The rainstorms have abated and the temperature has returned to the high 80s and low 90s May and June are supposed to be. Weather is one of those topics it safe to discuss in polite company. Religion and politics can lead to discussions that turn family members against one another. A simple Sunday meal at Momma’s can turn into a huge brouhaha. In most cases, I can’t help but think there is a personal underlying grudge that is being avoided.
I heard a few people complain about the rain.
“Enough already, too much of a good thing and we are drowning here…” they say.
Paying attention to the Big Picture, we need five or six years of this kind of rainfall to have any hopes of recharging the aquifer.
• • •
Family dinners with my Mom’s kinfolk were usually calm and friendly. While alcohol was on the premises, it was strictly “Bring Your Own Beer.”
The year we lived in Nashville and had, parties and family holidays with my father’s family were quite the eye-opener. The hosts laid in a huge supply of top-drawer spirits and beer by the keg. Each one tried to out-do the other in refreshments, cuisine and the furnishings of their homes.
These poor damaged people grew up with a father who went for a pack of cigarettes during the depression and never came back. Then these eight children had a stepfather whose crimes against his stepchildren are too horrific to tell no matter how drunk the aunt or uncle, they refused to share the stories.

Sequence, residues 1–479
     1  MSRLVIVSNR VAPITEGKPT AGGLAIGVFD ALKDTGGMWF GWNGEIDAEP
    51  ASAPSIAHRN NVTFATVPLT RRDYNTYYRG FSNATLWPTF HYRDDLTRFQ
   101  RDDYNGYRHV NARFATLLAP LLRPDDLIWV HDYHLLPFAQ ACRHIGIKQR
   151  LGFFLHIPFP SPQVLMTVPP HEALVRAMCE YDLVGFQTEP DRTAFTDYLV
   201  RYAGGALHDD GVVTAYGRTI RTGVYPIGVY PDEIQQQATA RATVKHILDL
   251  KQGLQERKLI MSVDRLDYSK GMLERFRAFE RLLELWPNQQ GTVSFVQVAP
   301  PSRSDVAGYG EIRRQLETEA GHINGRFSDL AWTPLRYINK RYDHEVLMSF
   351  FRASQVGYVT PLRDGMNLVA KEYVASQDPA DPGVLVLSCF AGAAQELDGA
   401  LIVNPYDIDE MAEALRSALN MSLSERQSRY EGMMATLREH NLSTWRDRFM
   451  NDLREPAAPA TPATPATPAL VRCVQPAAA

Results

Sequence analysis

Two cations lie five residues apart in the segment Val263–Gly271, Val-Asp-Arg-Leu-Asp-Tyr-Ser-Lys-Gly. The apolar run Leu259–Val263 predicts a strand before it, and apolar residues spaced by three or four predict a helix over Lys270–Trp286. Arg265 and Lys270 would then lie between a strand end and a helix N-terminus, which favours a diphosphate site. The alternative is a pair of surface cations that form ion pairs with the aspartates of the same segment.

My Mom’s family were blue-collar, hard-working men and women. My dad and two uncles worked at Quality Dairy for Mom and Pop Ferguson and after they retired their son, Clark Junior. Now there’s a job that has disappeared. Residential milk delivery may exist yet in some small communities but in Madera, it died out in the early 1970s.
My Dad’s people aspired to be more white-collar. Along with that came the large consumption of spirits and loud argument about stupid things. I heard my Dad’s baby brother Joe have a screaming match with his older sister Frances over a $20 camera from 20 years before.
Apparently, Claud Conley Hill Sr. was a really cold and distant man. On one of my trips to Nashville, I had a cousin take me to the cemeteries where he and my grandmother are buried so I could put flowers on their graves.
Following Daddy’s discharge from the Navy in World War II, he didn’t go back to Tennessee for more than 20 years. He never saw his mother again. I can’t help but wonder if he didn’t blame her for a miserable childhood.
He and his siblings spent their school years in a combination boarding school and orphanage. Poor families could send their children there for education if their grades were good and they were hard workers. Reading the history of TIS (Tennessee Industrial School) it cost about $50 a month to feed, clothe and house the students. The State of Tennessee paid $25 and the other half the students earned farming and performing other chores as requested.
When we lived in Murfreesboro my father threatened to send me to TIS because my mother was in the hospital; he worked long hours and I was a horrible 13-year-old with bad grades and a smart mouth.
His brothers’ wives overheard him threatening me and they came down on him like a ton of bricks. You see, they were alumni of TIS too. The horrible things the girls endured from the male students and the predominately men staff members were very ugly. They threatened to take him to court if need be if personally giving him a beat-down wasn’t enough. Luckily that was the last we heard of that. Inside of six months, we were back in Madera.
Long days and pleasant nights, have a great weekend.
• • •
Readers may contact Tami Jo Nix by emailing firstname.lastname@example.org or following @TamiJoNix on Twitter.